Comparing position sensor technologies for Hydraulic cylinder feedback

June 09, 2015 //By Edward E. Herceg
Comparing position sensor technologies for Hydraulic cylinder feedback
Position feedback sensors for hydraulic or pneumatic cylinders have used one of three traditional technologies: Magnetostrictive, Variable Resistance, and Variable Inductance sensors.

While other sensor technologies have occasionally been used successfully in this application, the focus of this article is the comparison among these three most popularly used technologies.

As the demand for increased control and functionality has increased over the years, sensor- instrumented cylinders are becoming more important in the heavy industry, subsea, and mobile equipment worlds.

Ultimately, a user or systems integrator must determine the requirements of the application and which technology best satisfies it on a total installed cost versus performance basis. The strengths and weaknesses of magnetostrictive, variable resistance, and variable inductance sensors are discussed below, along with a chart for feature-by-feature comparisons.

Initially, a point to be noted is that all of these common sensing technologies utilize a long probe that extends into a deep, small diameter blind hole which has been gun-drilled into the internal end of the cylinder rod.

Magnetostrictive technology has been the preferred technology for high accuracy applications. The sensor, often called an LDT or MLDT, incorporates a stainless steel tubular probe and a short toroidal permanent magnet assembly around it that is installed in a counterbore in the piston.

The most common package is designed to thread the sensors' electronics housing into an o-ring port in the back of a cylinder, with the long slender probe inserted into the rod's bore.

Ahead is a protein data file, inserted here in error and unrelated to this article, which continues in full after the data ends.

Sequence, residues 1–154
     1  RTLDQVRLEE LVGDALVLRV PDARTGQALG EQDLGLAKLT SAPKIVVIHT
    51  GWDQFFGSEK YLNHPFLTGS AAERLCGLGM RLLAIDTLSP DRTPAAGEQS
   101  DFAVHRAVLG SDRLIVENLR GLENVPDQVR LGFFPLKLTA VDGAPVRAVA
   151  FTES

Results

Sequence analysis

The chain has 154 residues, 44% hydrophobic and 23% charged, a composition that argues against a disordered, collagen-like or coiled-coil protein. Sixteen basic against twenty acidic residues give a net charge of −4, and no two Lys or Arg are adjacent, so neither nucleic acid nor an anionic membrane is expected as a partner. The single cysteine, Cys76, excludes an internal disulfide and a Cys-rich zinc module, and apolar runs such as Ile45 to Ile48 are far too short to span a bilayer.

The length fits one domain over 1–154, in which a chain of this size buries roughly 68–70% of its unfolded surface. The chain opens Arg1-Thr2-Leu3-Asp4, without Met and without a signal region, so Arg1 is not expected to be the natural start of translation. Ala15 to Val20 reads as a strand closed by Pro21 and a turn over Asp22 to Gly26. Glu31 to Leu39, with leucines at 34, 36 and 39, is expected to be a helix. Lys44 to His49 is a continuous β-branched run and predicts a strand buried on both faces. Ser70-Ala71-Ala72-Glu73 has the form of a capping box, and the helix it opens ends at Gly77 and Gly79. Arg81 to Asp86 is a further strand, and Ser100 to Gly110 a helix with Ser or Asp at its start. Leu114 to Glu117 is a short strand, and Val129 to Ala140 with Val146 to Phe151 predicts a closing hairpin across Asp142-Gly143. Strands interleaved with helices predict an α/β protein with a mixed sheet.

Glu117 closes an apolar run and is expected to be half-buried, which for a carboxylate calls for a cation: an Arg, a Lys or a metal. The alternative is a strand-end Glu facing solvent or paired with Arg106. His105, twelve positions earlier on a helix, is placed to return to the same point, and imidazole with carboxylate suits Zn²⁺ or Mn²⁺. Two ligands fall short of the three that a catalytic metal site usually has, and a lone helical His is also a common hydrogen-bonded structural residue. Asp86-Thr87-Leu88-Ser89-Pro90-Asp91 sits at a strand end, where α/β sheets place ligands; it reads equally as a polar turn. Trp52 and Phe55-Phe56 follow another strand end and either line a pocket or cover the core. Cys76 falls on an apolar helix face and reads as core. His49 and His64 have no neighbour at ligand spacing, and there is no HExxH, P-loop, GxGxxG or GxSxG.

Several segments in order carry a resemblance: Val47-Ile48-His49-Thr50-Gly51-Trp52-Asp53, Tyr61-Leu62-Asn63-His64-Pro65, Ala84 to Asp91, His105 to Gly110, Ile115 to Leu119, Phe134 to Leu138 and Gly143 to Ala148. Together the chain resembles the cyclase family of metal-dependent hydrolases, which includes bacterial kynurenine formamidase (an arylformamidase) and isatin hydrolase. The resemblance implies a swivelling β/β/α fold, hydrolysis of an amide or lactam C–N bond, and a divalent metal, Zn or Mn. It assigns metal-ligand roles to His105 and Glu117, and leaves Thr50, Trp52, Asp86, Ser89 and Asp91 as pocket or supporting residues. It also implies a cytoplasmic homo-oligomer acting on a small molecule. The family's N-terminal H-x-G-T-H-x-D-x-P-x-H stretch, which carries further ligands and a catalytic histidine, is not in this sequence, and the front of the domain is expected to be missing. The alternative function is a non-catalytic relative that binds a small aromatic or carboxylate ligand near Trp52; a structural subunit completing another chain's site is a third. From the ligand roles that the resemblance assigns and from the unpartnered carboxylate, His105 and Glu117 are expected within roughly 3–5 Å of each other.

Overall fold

It uses the “time of flight" principle to determine the magnet's position with high accuracy and moderate response time. The magnet is used to reflect a torsional mechanical pulse which is transmitted along a special wire inside of the probe called a waveguide. Typically, each of the magnetostrictive sensor manufacturers has its own style of magnet with unique mounting features like the number of holes, the hole pattern, etc.

Magnetostrictive sensors can consume a fair amount of power and are not the most mechanically rugged sensors. They offer electrical performance over mechanical robustness, because they are subject to shock and vibration issues. Yet, while there are some potential drawbacks mechanically, the magnetostrictive sensor's package design is tailor-made for port-mounted in-cylinder use.

Variable Resistance potentiometer-type sensors, commonly called pots, are selected where purchase cost is a driver and high accuracy is not paramount. A resistance pot is usually embedded into the cylinder's rear end plate, as opposed to the port mounting of magnetostrictive sensors.

It uses an insulated round carrier which is attached to the internal end of the gun-drilled cylinder rod and supports an electrically conductive wiper that contacts the surface of a partially conductive plastic probe. As the wiper moves along this plastic element, its resistance changes in a linear fashion, making it fairly easy to determine the carrier's position and, thus, the rod's position.

Pots have been seen as a good position measurement solution for use in cylinders because of their ruggedness, favorable stroke-to-length ratio, and their large analog DC voltage output, which is a big percentage of the input voltage. The major drawback to resistance pots is wearout, especially if the cylinder is actuated at a high frequency, or even more importantly, dithered over a short range to improve a system's dynamic characteristics.

Since a resistance pot is embedded into the cylinder, replacement of a worn out pot can be very time consuming and expensive, and could even result in the need for a completely new cylinder.

Variable inductance position sensors have been used in the cylinder industry but have not had the widespread recognition of magnetostrictive sensors or resistance potentiometers.

This non-contacting technology has many significant advantages over resistance potentiometers regarding product life and long-term reliability, and usually can compete favorably with the performance of magnetostrictive sensors in terms of linearity, resolution, and frequency response, but at a significantly lower cost.

Equally important is the fact that variable inductance sensors can withstand much greater shocks and vibration, such as those commonly found in heavy industrial and mobile equipment applications.

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